Bravo announced it has ordered second seasons of both its Top Design and Shear Genius reality series, with casting for both shows scheduled to commence in the coming weeks.

Although it was intended to be an interior-design clone of Bravo's popular Project Runway and Top Chef reality competition series, Top Design's first season -- which premiered last January -- ended up being panned by many viewers and critics. 

But rather than give up on the show's concept, the network has instead announced that Magical Elves -- the same production company behind Project Runway and Top Chef -- will replace Stone & Company Entertainment, the production company that produced Top Design's first season, and give the show a "makeover" for its second season.

When reached by Reality TV World, Bravo could not provide any additional details about Top Design's "makeover," including whether the competition's format will change or designer Todd Oldham, the show's ridiculously wooden first-season host, or the show's judges -- interior designer Jonathan Adler, Elle Decor magazine editor-in-chief Margaret Russell and interior designer Kelly Wearstler -- will return.

Magical Elves' Dan Cutforth and Jane Lipsitz -- who serve as executive producers for Project Runway and Top Chef -- will also serve as executive producers for Top Design's second season.

"Like fashion designers and chefs, interior designers inhabit a rich, visual world that attracts fascinating personalities," said Cutforth.  "We are really excited to take on the challenge of bringing this successful show to the next level."

Since, it delivered better ratings than Top Design, Bravo apparently doesn't feel Shear Genius -- another Project Runway/Top Chef clone that premiered in April and pits hairstylists against one another to see who can create the most fashionable coiffure -- needs to be handed over to Magical Elves for its second season. 

Then again, Bravo executives could just not want to risk upsetting Ben Silverman, the recently-appointed new NBC Entertainment and NBC Universal Television Studio co-chairman that founded -- and, in a clear conflict of interest that Silverman and the network continue to deny exists, still continues to own -- Reveille, the five-year-old production company that produced Shear Genius' first season. (Bravo is owned by NBC Universal, the same parent company that also owns both NBC and NBC Universal Television Studio, its in-house production company.) 

Although Shear Genius' second season will still be produced by Reveille, the network was -- similar to Top Design -- also unable to confirm, beyond an announcement that host Jaclyn Smith will return, whether the show's new season will feature any significant changes.

In addition to Bravo's Shear Genius, Reveille also produces American Gladiators, The Biggest Loser, My Dad Is Smarter Than Your Dad, and The Office for NBC and Nashville Star for NBC Universal's USA Network.  The company has also previously produced Blow Out for Bravo and $25 Million Dollar Hoax, Celebrity Cooking Showdown, Coupling, Identity, Meet My Mom, and The Restaurant and for NBC (prior to Silverman's hiring, NBC already had a first-look agreement with NBC).  It also currently produces 30 Days for FX Network and Ugly Betty, an American adaptation of a hugely popular Columbian telenovela that Reveille licensed for the U.S., for ABC.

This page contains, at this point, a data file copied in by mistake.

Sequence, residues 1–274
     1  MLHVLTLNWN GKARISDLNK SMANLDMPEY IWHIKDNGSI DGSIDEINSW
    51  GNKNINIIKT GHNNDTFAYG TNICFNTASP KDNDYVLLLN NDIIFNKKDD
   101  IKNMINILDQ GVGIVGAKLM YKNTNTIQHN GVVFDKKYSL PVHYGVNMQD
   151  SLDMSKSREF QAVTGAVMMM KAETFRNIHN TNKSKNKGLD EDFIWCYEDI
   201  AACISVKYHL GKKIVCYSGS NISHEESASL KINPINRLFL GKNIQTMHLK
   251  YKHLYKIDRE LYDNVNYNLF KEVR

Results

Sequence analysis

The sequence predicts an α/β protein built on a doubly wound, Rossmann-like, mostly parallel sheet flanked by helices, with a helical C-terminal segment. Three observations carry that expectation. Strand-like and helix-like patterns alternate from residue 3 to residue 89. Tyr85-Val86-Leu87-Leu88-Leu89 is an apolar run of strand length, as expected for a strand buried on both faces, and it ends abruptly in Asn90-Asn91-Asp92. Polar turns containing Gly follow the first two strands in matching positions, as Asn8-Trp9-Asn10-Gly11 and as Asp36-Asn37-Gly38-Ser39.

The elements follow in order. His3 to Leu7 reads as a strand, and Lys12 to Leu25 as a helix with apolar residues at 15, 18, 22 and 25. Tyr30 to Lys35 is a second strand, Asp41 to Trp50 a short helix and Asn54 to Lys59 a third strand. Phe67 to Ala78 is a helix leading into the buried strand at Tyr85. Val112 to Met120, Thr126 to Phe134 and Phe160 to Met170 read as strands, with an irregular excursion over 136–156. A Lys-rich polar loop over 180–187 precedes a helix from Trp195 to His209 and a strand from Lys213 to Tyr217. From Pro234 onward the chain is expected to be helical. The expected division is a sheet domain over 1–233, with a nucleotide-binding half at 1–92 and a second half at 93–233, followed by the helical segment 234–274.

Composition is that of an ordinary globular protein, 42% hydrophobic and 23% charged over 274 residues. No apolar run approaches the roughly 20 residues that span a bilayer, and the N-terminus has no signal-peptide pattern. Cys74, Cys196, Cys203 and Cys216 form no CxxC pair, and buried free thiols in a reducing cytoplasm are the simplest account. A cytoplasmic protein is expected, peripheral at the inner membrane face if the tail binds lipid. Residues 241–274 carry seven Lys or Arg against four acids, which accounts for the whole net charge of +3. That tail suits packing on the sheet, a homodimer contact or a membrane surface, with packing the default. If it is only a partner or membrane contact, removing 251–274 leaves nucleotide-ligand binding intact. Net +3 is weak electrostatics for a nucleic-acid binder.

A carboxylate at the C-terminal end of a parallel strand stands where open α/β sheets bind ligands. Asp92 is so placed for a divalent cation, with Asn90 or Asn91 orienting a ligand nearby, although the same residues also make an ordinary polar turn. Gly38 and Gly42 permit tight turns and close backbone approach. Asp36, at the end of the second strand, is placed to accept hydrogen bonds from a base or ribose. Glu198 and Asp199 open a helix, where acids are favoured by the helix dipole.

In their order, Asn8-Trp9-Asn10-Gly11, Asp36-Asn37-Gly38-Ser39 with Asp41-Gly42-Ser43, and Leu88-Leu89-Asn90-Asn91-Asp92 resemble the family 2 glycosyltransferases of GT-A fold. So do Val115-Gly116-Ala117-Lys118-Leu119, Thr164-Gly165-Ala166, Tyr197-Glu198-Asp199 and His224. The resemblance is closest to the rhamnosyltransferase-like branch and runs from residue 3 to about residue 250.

According to a Los Angeles Times report published Monday, Reveille has an ownership interest in five of the 18 primetime shows NBC has ordered since Silverman's hiring in June.  Last week, the network also confirmed that it has also bought eight additional potential show concepts or scripts from the production company.  Reveille reportedly had only three projects in the works at NBC before Silverman joined the network.  It now has the most NBC projects of any outside production company. 

Earlier this fall, NBC also began expanding The Biggest Loser's one-hour episodes into super-sized two-hour broadcasts and ordered a fifth season that will premiere on January 1 -- only two weeks after the broadcast of the show's fourth-season finale.  The 2007-2008 season will mark the first time that NBC has aired two The Biggest Loser editions in the same season.
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Since NBC Universal's requirement that he "remove" himself from Reveille's day-to-day management and not have an ownership interest in any Reveille projects created after his NBC hiring has failed to end outside criticism of the ethical conflict of interest, Silverman has reportedly recently begun talks to sell the company to Shine Ltd., however no deal has yet been announced.   Shine is a British production company founded by Elisabeth Murdoch, the daughter of News Corp. chairman Rupert Murdoch (News Corp. is the parent of NBC competitor Fox).

Silverman still retains an ownership interest in nine of the 13 Reveille projects that are currently in development at NBC, according to The Times.